With all the rage about CFWs and leaked keys, the Ps3 system has been opened widely. But long before this, other hacks were found that allowed homebrew apps to be ran, amongst other things. While most of these hacks are patched, some are still accessible, even on the latest OFW.
– Ps2 homebrews and backups One of the first hacks that existed on the Ps3 was not even a Ps3 hack, but rather a Ps2 hack, similar to how we can hack the Vita’s pspemu. This hack required an original copy of Swap Magic 2.6 or up and allowed you to run pretty much any Ps2 homebrew (by means of UlaunchElf) and even Ps2 backups on a usb hdd (by means of USB Loader or Open Ps2 Loader). This method is still available today to any user with a backwards compatible console, but the availability of the Swap Magic discs have been reduced, greatly, since this method was discovered. Swap Magic works on a Ps2 and a Ps3 because it’s pressed the same way as any other Ps2 game, so it would be very difficult (and even impossible) for Sony to patch it.
– Blu-ray Disc Java BD-J is essentially a way of adding software content to Blu-ray Discs, similar to the Dreamcast’s Mil-CD. This allowed hackers to code BD-J homebrews and play it on a USB stick as the Ps3 recognised them as video files. This method was patched so you can’t play them on a USB anymore, but it’s still doable on a burned Blu-ray Disc. Very little homebrews were created for this, amongst them we can find pong and an nes emulator with no sound. For more information about BD-J, check this: http://en.wikipedia.org/wiki/BD-J
– RSX access in otherOS A hack was found that allowed access to the RSX in otherOS and a linux kernel was compiled with such access. Unfortunately, it was patched in version 2.10, and people who have a version lower than that (if there is anyone on earth with such a low firmware) are better off updating to 3.55 CFW and use otherOS++.
– Media Files Exploits Different exploits and possible exploits in media files, such as image files or video files were found, here is a list of them: – Tiff exploit A tiff exploit was found for firmware 1.90, it was alleged that it could allow the playback of ps1 backups and a youtube video showed up demonstrating it. While the tiff exploit was real and allowed one to bypass the firmware update check, it’s use to play ps1 backups was never confirmed. Other such methods were tried to hack the ps3, including corrupted mp3 files that the ps3 recognized as working and later crashed when trying to play it. – Mp4 exploit It is also known that firmware 3.21 fixed a potential vulnerability in the playback of mp4 files, we may never know what this vulnerability was and what it could have brought to us, but if Sony patched it, it was for a reason. – libMPEG exploit This exploit was found in an mpeg video file, but sadly nothing more than a POC came out of it, it might not even be an exploit (as you might have learned from the psp scene, not all crashes are exploits).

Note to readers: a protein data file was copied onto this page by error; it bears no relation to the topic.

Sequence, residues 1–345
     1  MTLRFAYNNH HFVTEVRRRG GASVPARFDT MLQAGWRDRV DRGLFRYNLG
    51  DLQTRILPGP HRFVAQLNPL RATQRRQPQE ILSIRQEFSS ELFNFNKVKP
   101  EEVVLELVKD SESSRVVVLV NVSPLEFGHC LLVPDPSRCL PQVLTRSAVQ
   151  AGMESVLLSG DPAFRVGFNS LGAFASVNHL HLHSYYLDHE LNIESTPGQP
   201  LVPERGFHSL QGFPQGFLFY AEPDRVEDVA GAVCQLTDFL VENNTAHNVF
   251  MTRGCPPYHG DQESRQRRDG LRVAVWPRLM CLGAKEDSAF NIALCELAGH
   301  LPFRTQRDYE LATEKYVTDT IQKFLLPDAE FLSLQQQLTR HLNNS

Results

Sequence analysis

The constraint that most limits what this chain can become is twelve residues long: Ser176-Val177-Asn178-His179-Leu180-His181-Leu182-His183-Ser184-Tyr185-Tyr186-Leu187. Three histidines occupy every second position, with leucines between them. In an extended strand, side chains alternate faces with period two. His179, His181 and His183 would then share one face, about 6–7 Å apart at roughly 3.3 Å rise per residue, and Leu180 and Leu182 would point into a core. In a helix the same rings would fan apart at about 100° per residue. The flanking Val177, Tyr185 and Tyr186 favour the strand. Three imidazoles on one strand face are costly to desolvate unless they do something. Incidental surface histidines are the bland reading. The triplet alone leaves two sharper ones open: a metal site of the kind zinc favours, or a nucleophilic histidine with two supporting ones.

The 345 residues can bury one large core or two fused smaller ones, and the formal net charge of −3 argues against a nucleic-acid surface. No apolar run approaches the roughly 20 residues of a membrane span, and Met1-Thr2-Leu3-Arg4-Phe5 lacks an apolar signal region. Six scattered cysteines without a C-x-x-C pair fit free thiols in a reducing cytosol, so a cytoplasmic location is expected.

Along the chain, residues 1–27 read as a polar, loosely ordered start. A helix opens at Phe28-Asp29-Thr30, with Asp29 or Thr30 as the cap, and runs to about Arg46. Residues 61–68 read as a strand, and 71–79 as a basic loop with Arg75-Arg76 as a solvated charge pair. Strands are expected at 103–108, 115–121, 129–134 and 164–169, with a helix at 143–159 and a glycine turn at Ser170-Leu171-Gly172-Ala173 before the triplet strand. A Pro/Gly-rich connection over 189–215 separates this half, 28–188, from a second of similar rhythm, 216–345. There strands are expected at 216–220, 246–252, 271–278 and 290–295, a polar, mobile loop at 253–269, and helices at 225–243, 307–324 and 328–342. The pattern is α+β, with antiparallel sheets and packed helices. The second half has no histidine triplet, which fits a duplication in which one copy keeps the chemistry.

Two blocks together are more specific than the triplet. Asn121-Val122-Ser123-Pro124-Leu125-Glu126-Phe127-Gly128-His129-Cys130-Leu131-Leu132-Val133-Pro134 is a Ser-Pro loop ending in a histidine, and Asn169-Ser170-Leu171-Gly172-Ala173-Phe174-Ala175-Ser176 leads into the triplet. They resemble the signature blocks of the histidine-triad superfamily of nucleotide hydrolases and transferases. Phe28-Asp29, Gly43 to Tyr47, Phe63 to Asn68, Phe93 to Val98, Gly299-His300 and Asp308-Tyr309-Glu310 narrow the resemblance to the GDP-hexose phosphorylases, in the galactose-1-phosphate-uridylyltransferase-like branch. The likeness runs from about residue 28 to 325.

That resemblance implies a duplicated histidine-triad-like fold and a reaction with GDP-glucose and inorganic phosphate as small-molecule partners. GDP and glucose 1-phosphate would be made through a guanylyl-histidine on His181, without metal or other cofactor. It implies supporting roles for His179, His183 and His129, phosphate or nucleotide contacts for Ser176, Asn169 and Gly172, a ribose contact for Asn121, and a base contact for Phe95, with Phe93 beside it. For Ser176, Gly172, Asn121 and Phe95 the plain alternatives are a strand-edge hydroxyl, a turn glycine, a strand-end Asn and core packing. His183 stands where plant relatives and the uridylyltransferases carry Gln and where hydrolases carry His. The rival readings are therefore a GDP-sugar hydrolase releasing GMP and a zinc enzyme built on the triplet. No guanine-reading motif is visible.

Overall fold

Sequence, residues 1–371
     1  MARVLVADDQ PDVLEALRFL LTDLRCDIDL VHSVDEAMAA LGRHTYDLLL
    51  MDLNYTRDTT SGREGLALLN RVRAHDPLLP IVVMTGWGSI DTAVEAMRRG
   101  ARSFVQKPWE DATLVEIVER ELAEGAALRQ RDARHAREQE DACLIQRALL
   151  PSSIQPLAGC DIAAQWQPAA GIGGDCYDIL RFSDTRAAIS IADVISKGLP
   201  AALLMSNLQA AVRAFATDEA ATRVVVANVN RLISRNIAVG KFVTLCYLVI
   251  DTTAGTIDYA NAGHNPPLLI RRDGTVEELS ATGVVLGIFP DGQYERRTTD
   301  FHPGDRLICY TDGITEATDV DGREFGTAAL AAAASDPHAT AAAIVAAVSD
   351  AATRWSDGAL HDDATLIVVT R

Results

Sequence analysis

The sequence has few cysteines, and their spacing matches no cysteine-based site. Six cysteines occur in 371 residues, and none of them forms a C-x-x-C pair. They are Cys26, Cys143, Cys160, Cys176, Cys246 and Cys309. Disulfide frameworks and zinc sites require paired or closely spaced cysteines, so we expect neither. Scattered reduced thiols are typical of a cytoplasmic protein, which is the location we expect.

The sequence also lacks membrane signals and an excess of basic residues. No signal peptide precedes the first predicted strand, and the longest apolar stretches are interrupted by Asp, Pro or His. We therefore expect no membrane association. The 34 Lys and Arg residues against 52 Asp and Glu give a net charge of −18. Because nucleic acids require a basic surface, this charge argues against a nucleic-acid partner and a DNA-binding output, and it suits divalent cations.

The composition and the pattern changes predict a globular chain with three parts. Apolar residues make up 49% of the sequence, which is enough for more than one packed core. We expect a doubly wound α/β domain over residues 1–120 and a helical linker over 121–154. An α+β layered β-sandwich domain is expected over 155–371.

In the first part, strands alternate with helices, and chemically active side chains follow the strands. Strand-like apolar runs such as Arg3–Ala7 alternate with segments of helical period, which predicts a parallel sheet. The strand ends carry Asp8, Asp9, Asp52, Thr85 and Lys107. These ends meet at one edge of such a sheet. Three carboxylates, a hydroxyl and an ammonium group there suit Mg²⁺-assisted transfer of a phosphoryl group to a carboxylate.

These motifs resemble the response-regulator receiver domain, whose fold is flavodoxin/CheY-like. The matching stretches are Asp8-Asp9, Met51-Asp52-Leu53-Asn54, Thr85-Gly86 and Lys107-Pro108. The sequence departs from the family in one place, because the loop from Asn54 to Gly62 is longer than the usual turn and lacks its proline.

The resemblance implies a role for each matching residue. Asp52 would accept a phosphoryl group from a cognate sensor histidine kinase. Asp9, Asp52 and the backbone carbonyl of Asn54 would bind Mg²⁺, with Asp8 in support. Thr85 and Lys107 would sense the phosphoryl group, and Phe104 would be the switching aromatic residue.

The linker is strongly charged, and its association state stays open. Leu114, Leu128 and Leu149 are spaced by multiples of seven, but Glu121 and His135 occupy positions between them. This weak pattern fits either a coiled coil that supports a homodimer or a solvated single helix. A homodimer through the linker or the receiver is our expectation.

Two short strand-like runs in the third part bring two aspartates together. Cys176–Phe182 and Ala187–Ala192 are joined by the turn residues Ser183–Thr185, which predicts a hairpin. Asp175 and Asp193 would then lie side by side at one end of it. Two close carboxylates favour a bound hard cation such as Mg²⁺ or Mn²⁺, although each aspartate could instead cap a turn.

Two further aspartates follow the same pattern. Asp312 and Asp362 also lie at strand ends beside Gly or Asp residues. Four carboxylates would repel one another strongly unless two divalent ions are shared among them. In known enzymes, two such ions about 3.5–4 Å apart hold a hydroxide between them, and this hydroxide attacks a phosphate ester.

– Open Remote Play A vulnerability was found that allowed the use of Remote Play on non-PSP systems, such as a PC, by simply disguising our PCs as a PSP, this was patched in firmware 2.80, but not for long since we can now patch the official Vaio Remote Play to use on any PC.
– Resistance: Fall of Man and Motorstorm exploit This exploit allowed you to bypass the firmware update check to play newer games without updating. It required an original copy of Resistance: Fall of Man and was performed by starting the campaign, pausing the game, ejecting the disc, putting the other game in the drive and selecting “quit game” in the pause menu. Apart from this, apparently Team ICE managed to get unsigned code working using this exploit, but nothing good came out of this. A similar exploit existed in Motorstorm.
– Infectus modchip The infectus modchip allowed you to downgrade firmware 1.60 to 1.50 but the amount of soldering required, plus the fact that this method was patched, made this hack irrelevant.
– mkfs.self exploit Little is known about this exploit, but the consequences it could have had were huge. This was the first exploit that allowed to boot blu-ray backups of games. The problem is, these games didn’t run, they booted, but not run, and the exploit was patched above firmware 1.11, so it was clear that very little people could have had access to it. I do not know very well how this exploit worked, but I think it has something to do with renaming mkfs.self (one of the system files?).
Well, as you can see, the ps3 scene has been very active since its beginning, but, for the most part, nothing usable really got out of it.